The first season of The Handmaid's Tale was a harrowing journey that had a lot of ground to cover in just 10 episodes. In adapting Margaret Atwood's novel of the same name, Hulu had to honor a beloved book while expanding its world and widening its point of view for a series. It elaborated on the story in intriguing new ways, making a recap of The Handmaid's Tale Season 1 necessary so you're fully caught up when Season 2 premieres on April 25.
The protagonist of the series is a woman referred to as Offred, though her real name is June Osbourne. Her new title is due to her position as a handmaid in the house of Commander Fred Waterford; she is "of Fred" because the totalitarian regime she lives under has stripped all women of their rights and identities. In the Republic of Gilead, they can be wives, servants called Marthas, or handmaids. Handmaids exist to bear children for high-ranking citizens and they're reduced to little more than walking wombs. Those who don't behave are punished with mutilation, sexual slavery, or banishment to work camps known as the Colonies. The world is filtered through June's perspective, though the series departs occasionally to focus on other characters too.
In addition to all that world-building, Hulu's The Handmaid's Tale had to go into the past to tell its characters' backstories so that their present circumstances would make sense. It was a complicated but compelling story, and here are all the details to keep in mind ahead of Season 2.
Before Everything Changed
Before being forced to become a handmaid, June worked in publishing and lived happily in Boston with her husband Luke and daughter Hannah. But their marriage was Luke's second and second marriages were no longer legally binding under Gileadan laws. The family tried to escape to Canada so they could stay together, but they were stopped at the border. June was taken into custody and given her new role; Hannah was given to another family. For most of Season 1, June had no idea if Luke was even alive.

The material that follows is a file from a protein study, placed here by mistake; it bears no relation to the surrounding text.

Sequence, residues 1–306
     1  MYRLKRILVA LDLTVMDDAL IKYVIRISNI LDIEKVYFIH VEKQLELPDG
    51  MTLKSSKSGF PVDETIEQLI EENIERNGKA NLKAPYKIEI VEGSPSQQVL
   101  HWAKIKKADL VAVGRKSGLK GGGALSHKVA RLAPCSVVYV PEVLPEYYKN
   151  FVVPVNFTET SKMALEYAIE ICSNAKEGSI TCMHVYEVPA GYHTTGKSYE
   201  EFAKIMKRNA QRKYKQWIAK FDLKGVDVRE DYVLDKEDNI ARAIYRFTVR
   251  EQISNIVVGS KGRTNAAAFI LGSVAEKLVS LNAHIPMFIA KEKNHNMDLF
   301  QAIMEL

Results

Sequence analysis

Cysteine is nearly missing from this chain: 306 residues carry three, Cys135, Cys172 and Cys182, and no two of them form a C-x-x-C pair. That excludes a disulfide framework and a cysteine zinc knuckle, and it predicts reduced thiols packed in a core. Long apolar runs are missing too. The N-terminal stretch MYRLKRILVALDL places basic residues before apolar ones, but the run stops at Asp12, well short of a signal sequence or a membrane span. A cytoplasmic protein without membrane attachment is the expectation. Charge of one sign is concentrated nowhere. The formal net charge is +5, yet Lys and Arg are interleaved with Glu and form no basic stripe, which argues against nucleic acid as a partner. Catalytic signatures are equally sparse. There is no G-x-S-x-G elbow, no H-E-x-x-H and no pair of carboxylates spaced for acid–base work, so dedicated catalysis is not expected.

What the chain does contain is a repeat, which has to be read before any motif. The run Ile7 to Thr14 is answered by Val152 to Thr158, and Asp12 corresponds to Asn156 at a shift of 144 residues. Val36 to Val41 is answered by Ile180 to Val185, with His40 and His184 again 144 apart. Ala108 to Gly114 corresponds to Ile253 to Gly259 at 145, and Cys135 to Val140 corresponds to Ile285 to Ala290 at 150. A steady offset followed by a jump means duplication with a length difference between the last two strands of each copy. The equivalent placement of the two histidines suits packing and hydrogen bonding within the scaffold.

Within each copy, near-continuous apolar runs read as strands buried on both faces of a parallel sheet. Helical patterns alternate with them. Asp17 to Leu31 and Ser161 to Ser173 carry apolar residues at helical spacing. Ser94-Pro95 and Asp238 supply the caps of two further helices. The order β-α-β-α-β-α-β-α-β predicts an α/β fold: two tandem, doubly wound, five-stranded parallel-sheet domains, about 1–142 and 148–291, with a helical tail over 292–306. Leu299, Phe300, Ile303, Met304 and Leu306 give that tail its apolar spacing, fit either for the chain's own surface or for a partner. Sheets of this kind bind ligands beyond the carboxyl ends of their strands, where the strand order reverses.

Life As A Handmaid
The prospective handmaids were initially trained in a place called the Red Center before they were assigned to families. Each woman would spend a specific amount of time with a couple to try and conceive; if several assignments failed, the repercussions could be dire for a handmaid. While in a household, they had to endure something called the Ceremony, which was a ritualized rape by the home's Commander while his wife held the handmaid down. Every aspect of their lives was controlled and observed, from their daily walks to their conversations. Any move out of line could be fatal.
Rituals were a big part of Gilead. The women were only allowed to talk in scripted exchanges that paid homage to the regime, and their only emotional outlet was violent Scavengings in which they beat criminals to death with their bare hands. Even births were stylized, with wives going through the motions of labor while the handmaid did all the work, finally accepting the child at the end as though it was their own.
Little America, Ontario
Eventually, the show did reveal Luke's fate: though he was shot and seemingly arrested, he was able to get away when the vehicle he was in crashed. He met up with other refugees and made it out of Gilead, eventually settling in a neighborhood in Toronto called "Little America." He fought to get information about his wife and daughter, but it wasn't easy.
Moira was June's best friend before Gilead, and they remained close while in the Red Center. But Moira had no intention of going along with the horrors that awaited them. She and June planned to escape, but only Moira got away; even that was short-lived, as she was caught at the border just like June had been earlier. She was given two options: go to the toxic Colonies or become a sex worker in a brothel called Jezebels. She chose the latter, where she ran into June again years later. Though Moira had been emotionally broken down by her experiences, June inspired her to try once more to escape — and this time she was successful. She made it to Canada and reunited with Luke, finally safe.
A Woman's Place